Monday, November 22, 2010

Coffee Cake: "I feel like a huge idiot! All these years I’ve never tried coffee cake because I don’t like coffee. I didn’t know it didn’t have coffee in it."

Coffee cake cupcakes having a moment in the sun before a taste test with friends.

Often, I read the reviews and comments of the recipes I intend on trying out myself. Usually this is informative, but sometimes it's a little amusing. I don't think it's an uncommon assumption that coffee cake has coffee in it. Let's go along with the idea that it is referred to as coffee cake because it's great with a nice, hot cuppa.

 Blending the brown sugar and cinnamon topping with my favorite tool, the pastry blender.

If this cake were to be named for something that's in it, I'd go with butter. Sure, there's a generous amount of sugar, both brown and white, but who is ever shocked at the amount of sugar in a dessert? Certainly not me. This cake (now is the time you might want to look away if you've already had a slice) contains three sticks of butter. That's around 350g, for the metric folk out there. Before you start crying, I reduced my version down to 250g, or a bit over two sticks of butter. Not really out of fear of cardiac arrest, but rather out of necessity; I only had one brick in the fridge.

The cake batter is thick; be sure to have a rubber scraper on hand because even hard whacking against the counter won't settle your batter evenly in the pan.

If you can get past the outrageous amount of butter, you can begin to appreciate this cake for being remarkably delicious and Ree Drummond at Pioneer Woman for wrangling this out of her mother's recipe binder.

Coffee Cake
 Adapted from Ree at Pioneer Woman
Yields one 9"x13" sheet cake and nine cupcakes

1 tsp  salt
3  egg whites
1 1/2 sticks (3/4 C or 172g)  unsalted butter, soft
2 scant C (345g)  sugar
1 T  Kahlua or vanilla, optional*
3 C (298g)  all-purpose flour
4 tsp  baking powder
1 C  milk*
1/4 C  plain yogurt*

5 T (75g)  unsalted butter, cold*
3/4 C (75g)  all-purpose flour
1 1/2 C (302g)  brown sugar (not packed down)
2 T  cinnamon
1 C (130g)  pecans

*These are deviations from the original recipe. These are the original ingredients and amounts: No Kahlua or vanilla, 1 1/4 C whole milk, no yogurt, 1 1/2 sticks (172g) softened butter for the topping.
  1. Preheat the oven to 350F (177C) and grease the cake pan and line the cupcake tins.
  2. Combine the egg whites and salt and beat until stiff; set aside.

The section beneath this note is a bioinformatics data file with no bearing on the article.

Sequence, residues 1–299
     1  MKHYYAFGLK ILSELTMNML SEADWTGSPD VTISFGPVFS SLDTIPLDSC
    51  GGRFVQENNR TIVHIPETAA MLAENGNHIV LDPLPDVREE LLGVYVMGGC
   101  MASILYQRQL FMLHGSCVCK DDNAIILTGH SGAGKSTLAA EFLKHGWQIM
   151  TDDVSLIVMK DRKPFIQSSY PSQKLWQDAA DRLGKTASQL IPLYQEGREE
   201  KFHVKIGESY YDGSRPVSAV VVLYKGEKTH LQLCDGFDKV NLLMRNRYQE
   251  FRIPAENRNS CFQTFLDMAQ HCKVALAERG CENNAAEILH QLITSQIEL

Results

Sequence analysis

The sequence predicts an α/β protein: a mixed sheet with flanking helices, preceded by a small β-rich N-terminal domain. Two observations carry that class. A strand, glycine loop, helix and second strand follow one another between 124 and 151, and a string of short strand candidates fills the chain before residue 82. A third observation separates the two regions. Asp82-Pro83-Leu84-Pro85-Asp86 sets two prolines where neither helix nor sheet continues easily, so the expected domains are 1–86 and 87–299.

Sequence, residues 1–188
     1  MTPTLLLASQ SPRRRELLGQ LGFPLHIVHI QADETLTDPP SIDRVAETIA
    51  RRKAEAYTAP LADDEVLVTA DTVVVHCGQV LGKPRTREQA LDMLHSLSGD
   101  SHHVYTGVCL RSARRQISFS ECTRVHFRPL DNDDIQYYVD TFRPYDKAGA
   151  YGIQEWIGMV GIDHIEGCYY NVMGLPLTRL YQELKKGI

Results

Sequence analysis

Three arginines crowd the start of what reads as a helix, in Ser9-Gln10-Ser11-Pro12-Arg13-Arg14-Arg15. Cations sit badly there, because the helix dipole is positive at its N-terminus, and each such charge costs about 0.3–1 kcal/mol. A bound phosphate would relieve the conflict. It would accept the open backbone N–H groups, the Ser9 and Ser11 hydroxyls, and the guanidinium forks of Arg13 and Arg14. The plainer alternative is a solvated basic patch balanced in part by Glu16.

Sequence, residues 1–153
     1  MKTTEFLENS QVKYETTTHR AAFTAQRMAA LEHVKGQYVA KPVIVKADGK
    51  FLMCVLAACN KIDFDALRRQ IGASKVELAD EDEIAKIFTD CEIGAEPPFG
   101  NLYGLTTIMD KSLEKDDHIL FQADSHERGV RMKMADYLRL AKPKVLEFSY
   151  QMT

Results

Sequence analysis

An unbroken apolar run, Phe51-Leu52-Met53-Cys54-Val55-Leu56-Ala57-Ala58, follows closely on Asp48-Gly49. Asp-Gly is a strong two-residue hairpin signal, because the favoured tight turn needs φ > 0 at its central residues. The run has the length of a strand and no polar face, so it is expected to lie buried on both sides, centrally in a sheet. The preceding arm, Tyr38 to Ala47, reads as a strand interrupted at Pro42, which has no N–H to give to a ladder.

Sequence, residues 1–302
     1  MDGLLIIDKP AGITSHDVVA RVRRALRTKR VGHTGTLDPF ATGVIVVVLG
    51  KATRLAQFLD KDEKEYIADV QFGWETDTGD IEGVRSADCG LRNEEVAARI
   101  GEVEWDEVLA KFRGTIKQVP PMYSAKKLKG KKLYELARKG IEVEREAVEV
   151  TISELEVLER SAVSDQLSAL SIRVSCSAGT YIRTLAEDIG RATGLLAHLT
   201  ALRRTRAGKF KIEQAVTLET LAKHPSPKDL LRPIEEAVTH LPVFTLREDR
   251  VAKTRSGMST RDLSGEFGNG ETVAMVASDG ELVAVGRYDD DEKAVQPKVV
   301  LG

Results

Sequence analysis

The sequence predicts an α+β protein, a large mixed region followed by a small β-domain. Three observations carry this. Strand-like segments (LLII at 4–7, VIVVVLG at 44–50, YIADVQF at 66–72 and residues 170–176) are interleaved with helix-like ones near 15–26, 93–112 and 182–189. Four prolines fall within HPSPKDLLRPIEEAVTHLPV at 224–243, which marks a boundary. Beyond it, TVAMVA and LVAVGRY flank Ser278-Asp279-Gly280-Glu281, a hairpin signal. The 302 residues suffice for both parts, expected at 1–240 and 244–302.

3. Sift together the flour and baking powder; set aside.
  4. Cream together the butter and sugar and then mix in the Kahlua and yogurt.
  5. Alternately mix in the flour-baking-powder and the milk; do not over mix.
  6. Fold in the whites.
  7. Combine all the topping ingredients and cut together with a pastry blender.
  8. Fill the cake pan and cupcake tins about 2/3 to 3/4 full and sprinkle topping on.
  9. Bake the cake 40-45 minutes and the cupcakes 20-25 minutes or until an inserted toothpick comes out clean.
  10. Cool to a temperature that won't burn your mouth (room temp is always a safe bet) and enjoy!
Coffee Cake Reflections

 The cake didn't bake up around the topping as much in the sheet pan compared with the cupcakes, but it was just as yummy.

I caught the cupcakes right at the point where the batter goes from goopy to solid, affording me the softest cake I've had in my life. The topping was crisp and a bit crunchy, a very nice contrast to the delicate sponge. This magic is a combination of the right recipe, not over mixing, and pulling the cupcakes from the oven at just the right moment.

The recipe made what I'd consider to be way too much topping for the portions I made. Perhaps if it was all done in a deeper pan or one with more surface area, the amount would have been just right. The topping recipe above is how I did it, so feel free to halve that (reduced butter) or the original recipe.

Something not so magical: My butter had been in the freezer up until I needed it. Sooo it wasn't exactly softened when I went to go cream it. I also, rather mysteriously, threw the sugar in with the other dry ingredients to be sifted. Awesome job, brain. Way to get those synapses firing at full speed at 10:30 in the morning. Despite my rough start, everything came together. The textures and flavors in this cake are pretty perfect. I think it has something to do with all that butter.